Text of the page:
Devon girl Keira Darkes, six, died from rare stroke
A six-year-old Devon girl died days after her parents were told she was only suffering from a stomach bug by hospital doctors, an inquest heard.
Keira Darkes, from Plympton, died at Derriford Hospital in Plymouth on 18 October 2009.
Plymouth coroner Ian Arrow recorded a narrative verdict on her death from a dural venous thrombosis, a rare form of stroke.
The inquest heard that Keira had been suffering from chicken pox.
Her parents took her to their family doctor on 12 October because she was vomiting.
He referred her to Derriford Hospital in Plymouth where she was diagnosed with gastritis and sent home with some rehydration pills.
However, her condition deteriorated and five days later she was brought back to hospital where she died the following day.
A pathologist told the inquest at the city council chambers that tests showed a massive swelling in her brain which could have been caused by the chicken pox.
Plymouth coroner Ian Arrow said: "Keira died from a dural venous thrombosis which was a naturally occurring condition.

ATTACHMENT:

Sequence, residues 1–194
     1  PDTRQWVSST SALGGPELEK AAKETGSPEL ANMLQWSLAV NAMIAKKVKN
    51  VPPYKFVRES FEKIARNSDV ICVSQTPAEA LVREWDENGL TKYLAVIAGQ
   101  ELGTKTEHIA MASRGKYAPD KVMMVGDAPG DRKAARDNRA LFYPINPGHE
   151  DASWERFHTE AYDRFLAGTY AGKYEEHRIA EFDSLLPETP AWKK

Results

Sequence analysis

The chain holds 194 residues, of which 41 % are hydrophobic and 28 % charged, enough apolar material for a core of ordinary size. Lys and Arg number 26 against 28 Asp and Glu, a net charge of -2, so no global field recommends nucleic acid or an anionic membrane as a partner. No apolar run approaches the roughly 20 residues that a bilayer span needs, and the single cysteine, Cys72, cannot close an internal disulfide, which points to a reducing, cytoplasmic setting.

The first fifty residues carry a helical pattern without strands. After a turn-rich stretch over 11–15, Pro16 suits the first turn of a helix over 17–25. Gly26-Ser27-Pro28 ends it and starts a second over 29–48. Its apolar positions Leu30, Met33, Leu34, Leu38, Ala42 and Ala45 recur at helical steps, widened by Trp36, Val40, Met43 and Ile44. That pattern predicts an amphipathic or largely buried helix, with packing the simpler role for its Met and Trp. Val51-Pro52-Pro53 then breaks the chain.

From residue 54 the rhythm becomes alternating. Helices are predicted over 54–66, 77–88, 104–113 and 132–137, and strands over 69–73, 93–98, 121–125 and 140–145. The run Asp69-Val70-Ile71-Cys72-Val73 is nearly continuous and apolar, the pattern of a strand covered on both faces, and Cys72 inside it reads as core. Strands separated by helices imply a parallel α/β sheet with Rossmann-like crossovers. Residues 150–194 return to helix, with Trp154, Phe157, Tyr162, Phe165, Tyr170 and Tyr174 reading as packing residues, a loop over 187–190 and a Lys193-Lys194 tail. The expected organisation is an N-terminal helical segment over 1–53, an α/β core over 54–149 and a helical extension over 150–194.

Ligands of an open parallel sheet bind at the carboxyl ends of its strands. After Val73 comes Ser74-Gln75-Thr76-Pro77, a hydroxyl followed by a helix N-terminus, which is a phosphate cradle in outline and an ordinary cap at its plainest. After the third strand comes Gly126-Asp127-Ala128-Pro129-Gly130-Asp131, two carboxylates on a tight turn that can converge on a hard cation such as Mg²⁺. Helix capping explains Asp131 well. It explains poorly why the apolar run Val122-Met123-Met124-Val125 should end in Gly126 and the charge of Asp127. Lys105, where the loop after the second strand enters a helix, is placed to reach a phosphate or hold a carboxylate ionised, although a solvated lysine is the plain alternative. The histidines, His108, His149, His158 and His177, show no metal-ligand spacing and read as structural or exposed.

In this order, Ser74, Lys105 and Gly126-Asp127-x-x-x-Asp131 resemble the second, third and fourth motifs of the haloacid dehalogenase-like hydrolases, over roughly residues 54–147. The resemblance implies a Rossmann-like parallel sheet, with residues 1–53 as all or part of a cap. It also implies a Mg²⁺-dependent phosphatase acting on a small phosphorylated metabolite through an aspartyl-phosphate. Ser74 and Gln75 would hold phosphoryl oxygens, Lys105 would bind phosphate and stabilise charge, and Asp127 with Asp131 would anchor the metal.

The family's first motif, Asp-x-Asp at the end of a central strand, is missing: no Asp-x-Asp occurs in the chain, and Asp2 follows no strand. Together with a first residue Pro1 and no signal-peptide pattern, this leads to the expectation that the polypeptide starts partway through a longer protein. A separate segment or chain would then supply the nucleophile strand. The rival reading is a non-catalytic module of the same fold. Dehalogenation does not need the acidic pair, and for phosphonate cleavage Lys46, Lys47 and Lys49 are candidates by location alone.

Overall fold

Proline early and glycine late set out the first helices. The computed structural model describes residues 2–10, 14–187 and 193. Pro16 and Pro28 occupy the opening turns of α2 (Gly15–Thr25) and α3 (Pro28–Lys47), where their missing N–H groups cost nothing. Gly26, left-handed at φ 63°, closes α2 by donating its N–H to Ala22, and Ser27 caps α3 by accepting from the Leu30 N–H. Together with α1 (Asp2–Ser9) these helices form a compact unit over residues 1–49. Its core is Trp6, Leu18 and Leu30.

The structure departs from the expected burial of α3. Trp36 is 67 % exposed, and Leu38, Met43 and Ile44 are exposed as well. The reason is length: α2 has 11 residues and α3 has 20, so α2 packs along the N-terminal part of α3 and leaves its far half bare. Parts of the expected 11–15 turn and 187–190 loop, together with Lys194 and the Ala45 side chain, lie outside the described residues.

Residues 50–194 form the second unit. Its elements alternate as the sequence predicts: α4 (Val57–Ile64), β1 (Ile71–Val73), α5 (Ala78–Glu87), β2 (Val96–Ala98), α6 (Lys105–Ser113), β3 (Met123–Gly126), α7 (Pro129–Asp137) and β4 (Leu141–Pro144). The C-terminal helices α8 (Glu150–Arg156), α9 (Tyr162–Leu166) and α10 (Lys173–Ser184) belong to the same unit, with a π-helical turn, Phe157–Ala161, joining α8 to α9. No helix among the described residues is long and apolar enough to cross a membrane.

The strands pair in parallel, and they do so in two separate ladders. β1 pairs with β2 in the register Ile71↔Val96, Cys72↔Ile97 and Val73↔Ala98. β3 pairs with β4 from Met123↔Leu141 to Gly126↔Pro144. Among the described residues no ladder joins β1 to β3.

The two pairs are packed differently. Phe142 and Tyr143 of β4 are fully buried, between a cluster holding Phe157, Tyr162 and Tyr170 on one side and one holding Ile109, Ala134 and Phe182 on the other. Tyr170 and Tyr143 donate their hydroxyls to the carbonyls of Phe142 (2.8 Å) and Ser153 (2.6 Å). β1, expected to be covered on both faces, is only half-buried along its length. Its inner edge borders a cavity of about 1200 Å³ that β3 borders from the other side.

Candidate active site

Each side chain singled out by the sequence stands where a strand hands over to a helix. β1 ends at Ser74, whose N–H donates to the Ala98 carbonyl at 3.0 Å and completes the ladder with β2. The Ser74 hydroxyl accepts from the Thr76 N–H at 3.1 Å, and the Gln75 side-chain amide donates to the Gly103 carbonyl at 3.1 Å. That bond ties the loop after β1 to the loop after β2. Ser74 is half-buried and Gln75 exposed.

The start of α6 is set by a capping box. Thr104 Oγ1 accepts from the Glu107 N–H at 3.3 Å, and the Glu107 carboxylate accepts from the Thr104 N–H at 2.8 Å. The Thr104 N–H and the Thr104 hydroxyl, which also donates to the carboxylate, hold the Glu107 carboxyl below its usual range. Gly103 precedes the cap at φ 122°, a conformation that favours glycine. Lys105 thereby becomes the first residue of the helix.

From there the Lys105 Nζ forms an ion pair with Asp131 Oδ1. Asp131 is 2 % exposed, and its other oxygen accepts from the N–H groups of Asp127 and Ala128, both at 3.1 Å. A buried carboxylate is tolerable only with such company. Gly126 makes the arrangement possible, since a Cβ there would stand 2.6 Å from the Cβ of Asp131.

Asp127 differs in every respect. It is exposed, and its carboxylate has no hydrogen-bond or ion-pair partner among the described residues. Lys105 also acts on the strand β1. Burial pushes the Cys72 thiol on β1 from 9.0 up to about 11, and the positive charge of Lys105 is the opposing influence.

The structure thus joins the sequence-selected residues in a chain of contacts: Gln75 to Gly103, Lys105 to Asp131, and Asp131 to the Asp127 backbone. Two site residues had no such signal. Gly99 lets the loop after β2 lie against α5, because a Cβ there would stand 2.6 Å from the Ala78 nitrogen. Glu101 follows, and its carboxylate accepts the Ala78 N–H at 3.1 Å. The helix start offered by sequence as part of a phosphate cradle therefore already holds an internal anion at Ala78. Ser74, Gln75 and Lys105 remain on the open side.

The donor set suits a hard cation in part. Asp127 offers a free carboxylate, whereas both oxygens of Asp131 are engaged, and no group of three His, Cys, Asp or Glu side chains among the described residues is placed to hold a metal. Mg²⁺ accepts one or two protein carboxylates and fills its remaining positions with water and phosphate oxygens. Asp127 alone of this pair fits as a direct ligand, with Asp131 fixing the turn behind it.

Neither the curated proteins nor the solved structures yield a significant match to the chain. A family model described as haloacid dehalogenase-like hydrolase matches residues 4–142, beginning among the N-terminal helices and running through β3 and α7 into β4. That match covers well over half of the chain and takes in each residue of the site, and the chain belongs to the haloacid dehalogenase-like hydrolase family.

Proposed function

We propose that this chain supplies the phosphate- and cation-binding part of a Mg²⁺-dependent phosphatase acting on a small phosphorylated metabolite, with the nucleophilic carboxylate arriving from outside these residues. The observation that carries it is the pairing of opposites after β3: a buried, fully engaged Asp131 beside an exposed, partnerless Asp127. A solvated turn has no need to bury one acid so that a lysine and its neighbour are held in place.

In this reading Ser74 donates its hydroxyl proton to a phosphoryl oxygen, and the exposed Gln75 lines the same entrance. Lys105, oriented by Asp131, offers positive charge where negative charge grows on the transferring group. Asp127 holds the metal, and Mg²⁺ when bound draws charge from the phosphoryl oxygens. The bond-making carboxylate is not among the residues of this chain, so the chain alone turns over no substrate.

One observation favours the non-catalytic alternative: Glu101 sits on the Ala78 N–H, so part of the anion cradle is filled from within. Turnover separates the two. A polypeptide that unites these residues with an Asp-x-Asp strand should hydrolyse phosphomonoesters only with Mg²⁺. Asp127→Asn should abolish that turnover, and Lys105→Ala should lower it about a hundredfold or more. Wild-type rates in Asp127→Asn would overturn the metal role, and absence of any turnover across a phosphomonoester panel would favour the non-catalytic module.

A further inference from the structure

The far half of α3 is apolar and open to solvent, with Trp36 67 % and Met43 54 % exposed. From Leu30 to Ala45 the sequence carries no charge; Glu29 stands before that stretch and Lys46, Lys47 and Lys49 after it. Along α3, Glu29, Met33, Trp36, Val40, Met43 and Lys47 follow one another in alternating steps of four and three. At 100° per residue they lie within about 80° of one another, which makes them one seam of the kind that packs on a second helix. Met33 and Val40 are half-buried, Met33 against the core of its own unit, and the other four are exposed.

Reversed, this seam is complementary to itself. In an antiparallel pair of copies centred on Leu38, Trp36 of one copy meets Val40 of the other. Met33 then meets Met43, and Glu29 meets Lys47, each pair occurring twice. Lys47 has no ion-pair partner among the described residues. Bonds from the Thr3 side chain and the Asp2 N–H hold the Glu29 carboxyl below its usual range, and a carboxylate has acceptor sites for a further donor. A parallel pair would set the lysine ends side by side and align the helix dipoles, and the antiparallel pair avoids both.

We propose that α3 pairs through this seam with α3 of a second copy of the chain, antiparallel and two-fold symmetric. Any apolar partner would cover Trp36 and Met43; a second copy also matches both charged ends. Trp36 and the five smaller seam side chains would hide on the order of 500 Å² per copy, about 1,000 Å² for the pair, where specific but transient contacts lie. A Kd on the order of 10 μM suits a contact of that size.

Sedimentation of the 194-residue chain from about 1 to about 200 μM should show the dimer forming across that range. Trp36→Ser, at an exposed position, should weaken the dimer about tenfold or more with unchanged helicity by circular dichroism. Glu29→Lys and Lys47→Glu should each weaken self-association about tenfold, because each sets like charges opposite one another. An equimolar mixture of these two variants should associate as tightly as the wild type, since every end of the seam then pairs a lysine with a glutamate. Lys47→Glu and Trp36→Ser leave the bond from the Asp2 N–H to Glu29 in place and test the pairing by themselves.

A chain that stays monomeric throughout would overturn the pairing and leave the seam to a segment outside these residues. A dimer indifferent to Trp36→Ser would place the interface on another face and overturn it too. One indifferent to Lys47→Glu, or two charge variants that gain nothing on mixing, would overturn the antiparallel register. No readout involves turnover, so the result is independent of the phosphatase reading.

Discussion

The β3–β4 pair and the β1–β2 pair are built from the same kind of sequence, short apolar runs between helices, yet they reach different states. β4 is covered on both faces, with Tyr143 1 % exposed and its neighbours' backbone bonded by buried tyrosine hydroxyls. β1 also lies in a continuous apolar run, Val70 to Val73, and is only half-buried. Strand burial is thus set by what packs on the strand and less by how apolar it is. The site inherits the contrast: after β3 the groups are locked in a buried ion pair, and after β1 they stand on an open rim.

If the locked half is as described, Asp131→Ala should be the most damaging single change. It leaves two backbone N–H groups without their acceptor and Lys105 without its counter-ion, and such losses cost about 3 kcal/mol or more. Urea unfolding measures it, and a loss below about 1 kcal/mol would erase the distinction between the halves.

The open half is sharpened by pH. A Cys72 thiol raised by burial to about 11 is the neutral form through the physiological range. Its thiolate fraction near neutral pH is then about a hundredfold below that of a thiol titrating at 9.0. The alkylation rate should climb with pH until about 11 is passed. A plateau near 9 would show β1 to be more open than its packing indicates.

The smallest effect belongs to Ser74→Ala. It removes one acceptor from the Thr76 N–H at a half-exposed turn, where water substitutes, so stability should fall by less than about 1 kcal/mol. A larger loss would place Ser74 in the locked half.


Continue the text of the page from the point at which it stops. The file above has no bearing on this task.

"On the balance of probabilities she experienced addition risk factors as a result of chicken pox and dehydration prior to her death.
"This appears to be a very rare death. Fortunately deaths in the middle years of childhood are extremely rare, which makes this all the more sad."
Consultant paediatrician Professor Peter Fleming said the emergency treatment given to Keira on her final visit to hospital was flawless.
He said better checks could have been carried out when she was seen and discharged.
He had only seen two other cases in 40 years of treating sick children.
A spokesperson from Plymouth Hospitals NHS Trust, said: "The loss of a child is so incredibly sad.
"We would like to express our sincerest condolences to the parents and the family of Keira."
Keira's parents Stephen, 42, and Sian, 30, declined to comment after the inquest.